It was at approximately 2:30 a.m. on November 9th 2016 when Hillary Clinton knew she had lost. Minutes earlier, the fatigued yet assertive Wolf Blitzer declared that CNN was projecting that billionaire Donald Trump would win the battleground state of Wisconsin — a state that had been clinched by every Democratic presidential nominee since Walter Mondale in 1984. It was over. Donald Trump was ahead in Arizona, Michigan, and Pennsylvania — more than enough electoral votes for him to become the 45th President of the United States.
Four years later, a converse dynamic is unfolding. Leading with 10% in the national polls, competitive in traditionally Republican states like Texas and Georgia, and with 60 million votes already cast, former Vice President Joe Biden, the Democratic party’s nominee for president, is said to trounce the incumbent Donald Trump on election day.
But what has changed since Clinton’s unexpected loss in 2016?
The Rust Belt States
The pivotal states that delivered Donald Trump his upset victory in 2016 were the predominantly working-class states of Wisconsin, Michigan, and Pennsylvania. Although the Rust Belt states were regarded by the media as ‘battlegrounds’, they had, since 1988, consistently voted for the Democratic nominee after the Republican party’s relations with the working class were sent into a tailspin under the Reagan administration.
Donald Trump, however, deviating sharply from past Republican positions, lambasted free trade agreements that had allowed unrestrained outsourcing of American manufacturing jobs to China and Mexico, while concurrently voicing support for labor unions. In contrast, Hillary Clinton was perceived as an out-of-touch elitist by many working-class whites who had voted for Obama in 2012. She had championed the North American Free Trade Agreement in the 1990s, which resulted in the outsourcing of American manufacturing jobs to Mexico; she also negotiated the proposed Trans-Pacific Partnership while she was Secretary of State, which, if implemented, would have meant American workers competing with cheap labor in Southeast Asia. These actions, combined with Clinton’s inability to turnout minorities in urban areas, culminated in her narrowly losing the 35 electoral votes in the Rust Belt that would have made her president.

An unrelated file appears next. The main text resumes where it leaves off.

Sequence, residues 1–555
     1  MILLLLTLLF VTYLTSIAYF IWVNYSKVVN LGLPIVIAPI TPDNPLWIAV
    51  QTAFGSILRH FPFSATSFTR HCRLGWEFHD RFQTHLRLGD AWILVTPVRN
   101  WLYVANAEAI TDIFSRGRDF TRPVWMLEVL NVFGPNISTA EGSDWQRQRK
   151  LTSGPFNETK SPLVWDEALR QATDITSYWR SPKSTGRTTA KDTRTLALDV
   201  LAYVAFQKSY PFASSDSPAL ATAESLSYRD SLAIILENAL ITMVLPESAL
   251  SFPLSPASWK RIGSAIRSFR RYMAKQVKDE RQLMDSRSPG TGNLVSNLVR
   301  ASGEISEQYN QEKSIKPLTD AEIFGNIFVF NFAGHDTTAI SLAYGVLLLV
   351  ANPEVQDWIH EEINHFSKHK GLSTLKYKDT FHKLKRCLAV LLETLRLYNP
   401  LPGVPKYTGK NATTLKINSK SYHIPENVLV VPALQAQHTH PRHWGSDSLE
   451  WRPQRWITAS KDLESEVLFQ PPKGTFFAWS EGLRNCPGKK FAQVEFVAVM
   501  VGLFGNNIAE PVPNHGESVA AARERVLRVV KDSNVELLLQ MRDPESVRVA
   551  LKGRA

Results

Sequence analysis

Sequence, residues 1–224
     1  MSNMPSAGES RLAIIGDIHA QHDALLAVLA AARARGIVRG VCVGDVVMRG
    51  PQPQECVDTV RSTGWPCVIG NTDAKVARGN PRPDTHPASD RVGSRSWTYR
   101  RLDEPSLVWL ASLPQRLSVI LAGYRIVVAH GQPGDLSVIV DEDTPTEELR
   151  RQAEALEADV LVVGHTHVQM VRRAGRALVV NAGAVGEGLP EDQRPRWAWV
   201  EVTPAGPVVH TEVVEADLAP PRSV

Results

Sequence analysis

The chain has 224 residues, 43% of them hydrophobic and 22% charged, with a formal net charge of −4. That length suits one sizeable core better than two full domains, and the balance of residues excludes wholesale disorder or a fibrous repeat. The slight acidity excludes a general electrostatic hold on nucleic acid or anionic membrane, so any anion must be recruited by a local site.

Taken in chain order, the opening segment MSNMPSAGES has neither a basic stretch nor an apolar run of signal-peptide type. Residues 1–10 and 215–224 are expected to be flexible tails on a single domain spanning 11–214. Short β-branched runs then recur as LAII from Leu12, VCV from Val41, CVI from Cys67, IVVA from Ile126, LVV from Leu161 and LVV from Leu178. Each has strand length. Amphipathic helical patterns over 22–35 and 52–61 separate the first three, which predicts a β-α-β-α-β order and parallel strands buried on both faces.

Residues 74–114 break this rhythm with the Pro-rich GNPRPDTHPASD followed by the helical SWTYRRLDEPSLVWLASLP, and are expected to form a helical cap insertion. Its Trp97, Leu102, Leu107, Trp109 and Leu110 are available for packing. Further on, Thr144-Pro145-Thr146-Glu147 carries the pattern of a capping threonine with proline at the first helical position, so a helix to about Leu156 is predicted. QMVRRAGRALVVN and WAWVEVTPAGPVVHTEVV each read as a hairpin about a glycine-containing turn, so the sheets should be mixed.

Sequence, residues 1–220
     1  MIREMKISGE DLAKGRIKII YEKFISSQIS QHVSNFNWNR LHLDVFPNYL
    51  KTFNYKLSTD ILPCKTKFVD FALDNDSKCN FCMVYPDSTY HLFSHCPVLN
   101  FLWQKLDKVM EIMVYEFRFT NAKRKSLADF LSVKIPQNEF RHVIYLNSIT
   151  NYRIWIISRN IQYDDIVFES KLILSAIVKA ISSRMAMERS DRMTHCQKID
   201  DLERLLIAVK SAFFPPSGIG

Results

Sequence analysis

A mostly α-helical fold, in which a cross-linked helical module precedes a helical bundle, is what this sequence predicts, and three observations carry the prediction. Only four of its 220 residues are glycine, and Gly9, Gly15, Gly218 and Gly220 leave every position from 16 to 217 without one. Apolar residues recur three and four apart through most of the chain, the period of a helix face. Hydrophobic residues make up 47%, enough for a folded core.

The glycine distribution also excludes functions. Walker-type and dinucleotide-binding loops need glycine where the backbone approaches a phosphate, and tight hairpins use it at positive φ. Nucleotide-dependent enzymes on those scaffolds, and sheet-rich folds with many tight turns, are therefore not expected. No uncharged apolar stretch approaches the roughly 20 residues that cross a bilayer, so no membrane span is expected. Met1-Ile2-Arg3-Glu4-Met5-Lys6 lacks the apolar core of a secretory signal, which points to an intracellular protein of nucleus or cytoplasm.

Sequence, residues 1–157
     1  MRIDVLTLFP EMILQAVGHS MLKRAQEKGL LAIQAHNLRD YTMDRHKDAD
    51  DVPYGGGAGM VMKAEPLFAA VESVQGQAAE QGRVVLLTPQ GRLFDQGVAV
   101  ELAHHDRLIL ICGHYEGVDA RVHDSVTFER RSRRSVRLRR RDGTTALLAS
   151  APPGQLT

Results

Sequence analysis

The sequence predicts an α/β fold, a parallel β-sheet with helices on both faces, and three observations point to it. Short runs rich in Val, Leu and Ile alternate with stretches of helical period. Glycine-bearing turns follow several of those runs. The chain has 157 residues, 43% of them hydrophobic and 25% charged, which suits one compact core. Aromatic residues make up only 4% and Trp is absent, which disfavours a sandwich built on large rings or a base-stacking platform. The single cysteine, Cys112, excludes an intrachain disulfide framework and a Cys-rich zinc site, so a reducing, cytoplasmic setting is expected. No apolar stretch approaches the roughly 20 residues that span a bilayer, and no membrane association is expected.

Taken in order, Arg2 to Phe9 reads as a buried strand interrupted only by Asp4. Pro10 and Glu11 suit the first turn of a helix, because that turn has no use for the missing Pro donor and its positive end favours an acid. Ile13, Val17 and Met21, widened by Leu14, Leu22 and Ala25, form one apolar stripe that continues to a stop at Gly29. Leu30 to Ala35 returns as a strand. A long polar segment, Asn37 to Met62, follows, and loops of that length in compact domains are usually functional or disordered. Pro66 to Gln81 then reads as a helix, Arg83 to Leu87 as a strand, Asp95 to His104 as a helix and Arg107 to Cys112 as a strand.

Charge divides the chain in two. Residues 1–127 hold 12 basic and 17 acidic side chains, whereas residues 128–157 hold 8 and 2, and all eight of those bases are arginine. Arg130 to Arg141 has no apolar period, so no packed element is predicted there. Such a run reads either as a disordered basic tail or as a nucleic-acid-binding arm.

Now, with less than a week to election day, Joe Biden is crushing Rust Belt opinion polls and is leading with an average of 7%. This almost insurmountable lead for Biden boils down to two major reasons: the failure of Donald Trump to handle the coronavirus crises, and Joe Biden’s ‘appeal’ to the Rust Belt voters.
The issues foremost in the minds of Rust Belt voters is the health crisis and economic devastation brought on by the coronavirus. Firstly, with over 18,000 coronavirus deaths in the region, Donald Trump’s inability to quell the health crisis has, to put it mildly, frustrated many voters.